Is at odds with "then try to smell the device' inside. Then put batteries in, close the device and let it operate for some minute. Then open it (maybe uncover the batteries' compartment) and try to smell it again. If you perceive a different smell, it's O3.

It's possible you perceive the smell even as soon as you take the device the first time to remove the batteries. It's the same smell you perceive sometimes in a room full of operating electronic devices."
Also, the dominant smell of "electronics" is usually a mixture of compounds but benzoquinone is the big contributor.
It doesn't smell much  like ozone.

Here's a simple question.
Do you have any evidence for the production of ozone by electrical circuits running at less than 100 V?
 

Offline Geezer

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What does Ozone really smell like?
« Reply #20 on: 30/08/2010 20:36:57 »
Here's a simple question.
Do you have any evidence for the production of ozone by electrical circuits running at less than 100 V?


Not really, but I suspect anything with an electric motor (with a commutator and brushes) would be a good candidate.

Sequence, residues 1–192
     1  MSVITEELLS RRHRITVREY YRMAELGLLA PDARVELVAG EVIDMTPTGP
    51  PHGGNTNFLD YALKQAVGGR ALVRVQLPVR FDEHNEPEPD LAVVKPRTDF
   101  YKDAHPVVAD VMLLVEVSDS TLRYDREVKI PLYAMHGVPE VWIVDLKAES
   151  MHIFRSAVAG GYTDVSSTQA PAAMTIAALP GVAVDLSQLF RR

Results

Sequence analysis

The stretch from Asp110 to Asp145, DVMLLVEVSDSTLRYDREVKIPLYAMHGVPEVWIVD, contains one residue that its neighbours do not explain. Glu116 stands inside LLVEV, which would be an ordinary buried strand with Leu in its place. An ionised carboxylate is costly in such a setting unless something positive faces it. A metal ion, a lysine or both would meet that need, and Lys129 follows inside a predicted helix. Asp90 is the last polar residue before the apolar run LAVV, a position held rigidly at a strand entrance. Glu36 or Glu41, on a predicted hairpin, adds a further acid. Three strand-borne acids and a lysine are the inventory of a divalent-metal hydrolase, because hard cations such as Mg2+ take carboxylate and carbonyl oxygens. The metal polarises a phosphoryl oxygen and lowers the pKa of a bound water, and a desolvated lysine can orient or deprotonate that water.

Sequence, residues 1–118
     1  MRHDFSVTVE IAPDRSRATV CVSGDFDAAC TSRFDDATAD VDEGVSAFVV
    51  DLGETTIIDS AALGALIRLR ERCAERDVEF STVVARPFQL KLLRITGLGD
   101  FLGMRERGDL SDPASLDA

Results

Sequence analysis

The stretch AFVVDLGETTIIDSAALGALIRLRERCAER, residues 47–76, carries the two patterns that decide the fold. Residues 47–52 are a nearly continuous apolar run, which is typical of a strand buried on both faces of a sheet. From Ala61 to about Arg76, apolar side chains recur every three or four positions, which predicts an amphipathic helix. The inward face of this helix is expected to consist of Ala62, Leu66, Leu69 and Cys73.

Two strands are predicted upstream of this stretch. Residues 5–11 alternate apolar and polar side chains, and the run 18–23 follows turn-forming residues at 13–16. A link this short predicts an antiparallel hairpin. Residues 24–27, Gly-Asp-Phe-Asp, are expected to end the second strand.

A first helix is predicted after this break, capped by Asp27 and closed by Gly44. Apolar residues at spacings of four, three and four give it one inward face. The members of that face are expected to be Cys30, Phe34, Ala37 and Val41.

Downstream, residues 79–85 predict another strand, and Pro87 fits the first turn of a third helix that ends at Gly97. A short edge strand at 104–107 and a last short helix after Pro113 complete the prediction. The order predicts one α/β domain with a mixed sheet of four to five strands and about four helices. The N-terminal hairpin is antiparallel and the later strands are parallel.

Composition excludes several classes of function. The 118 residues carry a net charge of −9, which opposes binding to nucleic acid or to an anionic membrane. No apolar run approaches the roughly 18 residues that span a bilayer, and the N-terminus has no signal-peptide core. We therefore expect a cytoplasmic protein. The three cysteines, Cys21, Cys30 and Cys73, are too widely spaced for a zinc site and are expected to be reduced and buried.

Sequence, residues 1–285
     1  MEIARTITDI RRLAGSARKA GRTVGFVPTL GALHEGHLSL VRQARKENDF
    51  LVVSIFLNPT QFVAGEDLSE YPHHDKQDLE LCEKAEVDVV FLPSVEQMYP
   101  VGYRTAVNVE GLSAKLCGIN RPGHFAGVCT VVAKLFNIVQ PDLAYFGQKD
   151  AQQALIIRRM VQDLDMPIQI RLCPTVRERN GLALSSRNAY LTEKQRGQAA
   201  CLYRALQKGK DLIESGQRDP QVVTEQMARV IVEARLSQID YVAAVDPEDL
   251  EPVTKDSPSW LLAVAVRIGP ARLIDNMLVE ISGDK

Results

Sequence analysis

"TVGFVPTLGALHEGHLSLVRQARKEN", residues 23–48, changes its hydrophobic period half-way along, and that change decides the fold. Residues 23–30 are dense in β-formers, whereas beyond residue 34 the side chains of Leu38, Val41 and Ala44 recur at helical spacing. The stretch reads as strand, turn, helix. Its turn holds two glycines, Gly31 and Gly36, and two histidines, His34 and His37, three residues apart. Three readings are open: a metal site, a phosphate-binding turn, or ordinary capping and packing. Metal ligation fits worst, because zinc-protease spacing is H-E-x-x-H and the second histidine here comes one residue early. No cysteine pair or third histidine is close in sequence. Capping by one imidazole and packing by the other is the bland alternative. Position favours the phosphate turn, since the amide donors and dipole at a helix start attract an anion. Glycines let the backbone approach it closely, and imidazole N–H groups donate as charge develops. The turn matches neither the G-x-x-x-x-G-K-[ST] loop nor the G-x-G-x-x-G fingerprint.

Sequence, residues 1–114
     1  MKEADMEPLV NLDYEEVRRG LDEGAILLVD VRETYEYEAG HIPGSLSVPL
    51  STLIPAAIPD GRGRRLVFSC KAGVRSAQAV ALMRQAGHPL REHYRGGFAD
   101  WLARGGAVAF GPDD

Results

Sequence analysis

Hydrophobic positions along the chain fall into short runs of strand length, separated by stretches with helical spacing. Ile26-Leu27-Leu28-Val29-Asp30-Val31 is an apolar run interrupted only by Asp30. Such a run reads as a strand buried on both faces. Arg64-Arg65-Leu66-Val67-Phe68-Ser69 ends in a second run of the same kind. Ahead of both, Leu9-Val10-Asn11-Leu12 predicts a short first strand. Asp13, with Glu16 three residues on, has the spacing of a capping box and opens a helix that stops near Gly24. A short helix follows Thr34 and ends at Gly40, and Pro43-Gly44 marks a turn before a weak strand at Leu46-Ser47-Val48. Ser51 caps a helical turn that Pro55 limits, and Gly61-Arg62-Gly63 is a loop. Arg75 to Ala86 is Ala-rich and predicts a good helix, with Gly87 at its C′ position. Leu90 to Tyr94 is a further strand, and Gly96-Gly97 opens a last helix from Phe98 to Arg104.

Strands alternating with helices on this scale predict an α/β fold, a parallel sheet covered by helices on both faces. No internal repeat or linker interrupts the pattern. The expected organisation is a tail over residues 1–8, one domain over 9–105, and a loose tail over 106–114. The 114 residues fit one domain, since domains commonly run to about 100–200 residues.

Offline tommya300

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What does Ozone really smell like?
« Reply #21 on: 31/08/2010 09:52:18 »
From what I gather here, any particular, make and break" of an electrical circuit always produce some small quantity of Ozone?

 How can it be distinguished that it is an Ozone smell and not the smell from the oxidation of the materials used for these contact switching heat producing items?

 How do I know that outgases from the insulation is not the smell?

In my simple thinking,  I can see is maybe, a controlled environment within an only  material, glass insulated housing, bottle, using gold electrodes or non oxidizing material and a strong but non volatile oxygen atmosphere.

Can a static charge, like rubbing two balloons together produce some small samples of ozone?

 Wouldn't the ozone's loosely bonded atom release, as soon as it is in a field of some gaseous compound, and attach to that compound, that can oxidize?
« Last Edit: 31/08/2010 10:21:30 by tommya300 »
 

Offline Geezer

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What does Ozone really smell like?
« Reply #22 on: 31/08/2010 19:51:30 »
According to the font of all knowledge (Wikipedia)

"Most people can detect about 0.01 ppm of ozone in air where it has a very specific sharp odor somewhat resembling chlorine bleach."

The pong from my printer smells more like ammonia to me, but it might be ozone I'm smelling. The typical pong from electronic equipment seems a lot different to me, and some of it might be the secondary effects of oxidation caused by ozone as Tommy suggests.
 

Offline lightarrow